|GyroMouse Prototype. |
MPU6040 IMU Attached to Raspberry Pi Model A+
While I'm waiting for most of the specific hardware pieces to turn up from all over the internet, I've been slapping together prototype parts and getting the software at least vaguely right. I find that helps.
One goal for this new device is to be compact, so I'm going to use a Raspberry Pi Zero (which I believe is in the post. They're a little hard to get.) So compact that the entire machine can be wrist-mounted, smart-watch style.
And in fact, that's working out fairly well. The Pi Zero is only 70x30mm, 1.5" screens are about 30mm vertical. I have a very specific 80x40x20mm lozenge-shaped space that I need to fit, for reasons which will become obvious in later posts.
You can fit a whole 512mb / 1Ghz processor with GPU hardware in that space, with enough battery to run for hours. WiFi dongles are mostly just connector now.
What's hard to fit is any kind of human-friendly input device. The screen is so small that "touchscreen" tech would be ludicrous. It might be nice to turn the entire surfacebeyond the screen into a capacitive touchpad, but there's no ready sources for such a module, and I'm trying to use Adafruit-level commodity pieces.
Assuming I've got a small linux machine with X11 on my wrist, what's the best way of using that device? Well, mouse is probably still it, in terns of compatibility with existing software. With a mouse you can run an on-screen-keyboard if you have to. It will do everything, if badly.
So to fit something like a mouse in the space available, I've written a little program which listens to a MPU6040 Intertial Management Unit and interprets it's movements as mouse commands. Gyro rotations in X and Y move the mouse cursor, and "taps" on the device (detected by the accellerometer) are interpreted as mouse clicks. At least for today.
|To control a tiny computer you need a tiny input device!|
As of an hour ago, it works. I had to go through four "i2c" libraries to find one that's stable under node.js, ('i2c-bus" is the one you want.) I'm not happy with the CPU usage to be honest, but it does actually work. I can push the mouse cursor around the desktop by tilting the sensor various ways, and even click on things with considerable difficulty.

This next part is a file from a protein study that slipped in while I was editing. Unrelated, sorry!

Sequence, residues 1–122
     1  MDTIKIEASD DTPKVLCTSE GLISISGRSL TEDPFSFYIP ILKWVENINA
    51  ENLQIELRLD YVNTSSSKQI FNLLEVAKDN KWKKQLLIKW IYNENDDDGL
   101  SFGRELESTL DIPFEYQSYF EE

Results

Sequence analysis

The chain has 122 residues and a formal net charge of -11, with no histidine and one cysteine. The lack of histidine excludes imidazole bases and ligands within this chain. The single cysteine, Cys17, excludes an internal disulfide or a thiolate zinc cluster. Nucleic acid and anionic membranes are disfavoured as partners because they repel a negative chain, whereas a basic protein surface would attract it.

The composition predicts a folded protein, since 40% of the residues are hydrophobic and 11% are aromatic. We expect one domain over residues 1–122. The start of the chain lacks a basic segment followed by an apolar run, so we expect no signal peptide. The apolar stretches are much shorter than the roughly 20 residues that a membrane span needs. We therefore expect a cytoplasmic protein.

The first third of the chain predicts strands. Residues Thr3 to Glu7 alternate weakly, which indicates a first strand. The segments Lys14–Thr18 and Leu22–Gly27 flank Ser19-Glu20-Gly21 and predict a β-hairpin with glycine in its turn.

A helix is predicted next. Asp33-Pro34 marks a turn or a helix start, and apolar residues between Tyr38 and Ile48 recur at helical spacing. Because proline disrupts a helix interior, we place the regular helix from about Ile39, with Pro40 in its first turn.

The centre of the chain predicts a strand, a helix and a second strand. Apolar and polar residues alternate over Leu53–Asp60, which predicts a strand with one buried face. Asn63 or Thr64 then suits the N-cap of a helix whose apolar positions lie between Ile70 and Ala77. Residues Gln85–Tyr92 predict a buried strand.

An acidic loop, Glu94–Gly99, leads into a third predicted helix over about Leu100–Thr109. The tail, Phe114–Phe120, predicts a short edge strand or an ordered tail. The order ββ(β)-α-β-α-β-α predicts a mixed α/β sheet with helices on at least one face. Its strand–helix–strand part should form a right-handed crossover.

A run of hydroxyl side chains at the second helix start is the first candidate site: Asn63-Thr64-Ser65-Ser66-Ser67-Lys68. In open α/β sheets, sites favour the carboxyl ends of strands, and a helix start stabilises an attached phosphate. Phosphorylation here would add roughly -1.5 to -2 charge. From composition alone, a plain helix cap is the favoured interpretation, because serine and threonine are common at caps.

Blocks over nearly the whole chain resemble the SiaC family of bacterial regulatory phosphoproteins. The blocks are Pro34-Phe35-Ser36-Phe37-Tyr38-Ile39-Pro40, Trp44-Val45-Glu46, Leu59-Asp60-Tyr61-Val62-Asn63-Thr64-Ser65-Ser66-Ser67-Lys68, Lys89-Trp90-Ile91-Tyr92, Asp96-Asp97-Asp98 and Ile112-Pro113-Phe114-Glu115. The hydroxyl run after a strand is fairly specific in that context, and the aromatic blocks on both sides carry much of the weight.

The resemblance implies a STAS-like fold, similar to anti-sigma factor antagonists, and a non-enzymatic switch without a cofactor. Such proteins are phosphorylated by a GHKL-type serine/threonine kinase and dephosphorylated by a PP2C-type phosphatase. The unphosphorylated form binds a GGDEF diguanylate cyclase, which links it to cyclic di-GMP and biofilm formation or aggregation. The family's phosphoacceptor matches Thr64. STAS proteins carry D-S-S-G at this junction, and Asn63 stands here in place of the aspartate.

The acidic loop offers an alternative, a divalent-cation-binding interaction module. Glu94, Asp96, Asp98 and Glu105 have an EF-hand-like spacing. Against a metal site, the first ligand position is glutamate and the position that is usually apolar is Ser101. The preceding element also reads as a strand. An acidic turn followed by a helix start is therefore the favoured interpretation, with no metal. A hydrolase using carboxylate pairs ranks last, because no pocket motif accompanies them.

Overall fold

|Size comparison against my usual mouse.|
I'm using Gyros for movement and Acceleration for mouse 'clicks', which is quite different from the "accellerometer" mice I've seen before. The difference there is, accelerators measure "tilt" due to gravity. So in those cases, the mouse cursor acts a lot like the little steel ball in those closed maze puzzle games, rolling around on a flat surface.
Sounds like a good idea at first, but you're asking people to keep the device perfectly flat in order to keep the mouse still. Most people don't intuitively know where "perfectly flat" is.
Gyros sense relative rotational motion. The turning to and fro of an object. Gyros are the most important part of a Quadcopter's IMU, which I know well.
Funny thing, I did a search and I don't think anyone else has built a gyromouse. They all go for accellerometer-mice. Well; technically the Wii-mote, but it also uses the IR lights, so it's a hybrid.
|Is this the world's only Gyromouse? |
To be honest, I haven't really looked that hard.
GyroMouse works off the relative turning motion of the chip to simulate the movement of a mouse. And it detects the "freefall" moment of when you tap the device downwards as a mouse click. It feels horrible, needs extensive tuning, but it functions. I can click on menus. I might be able to extend it to detects 'taps' in various axes, so whacking this particular device from the sides might end up working as other buttons, or maybe the scroll wheel.
I think that's called a "kinetic interface". Similar, although slightly different to "percussive maintenance". But that's kind of the point here... to experiment with what happens when you make a computer aware of it's physical state, and smart enough to respond and adapt.
If you want to be mean, you can denigrate the whole thing as an over-complicated Wii-Mote. And you'd be right. It's a Wii-Mote that doesn't need the Wii. It does everything all by itself.
Right now this is still at proof of concept stage, though later on I'll release the code when it's not quite as embarrassing, and the real hardware has arrived. Leave a comment if you're interested.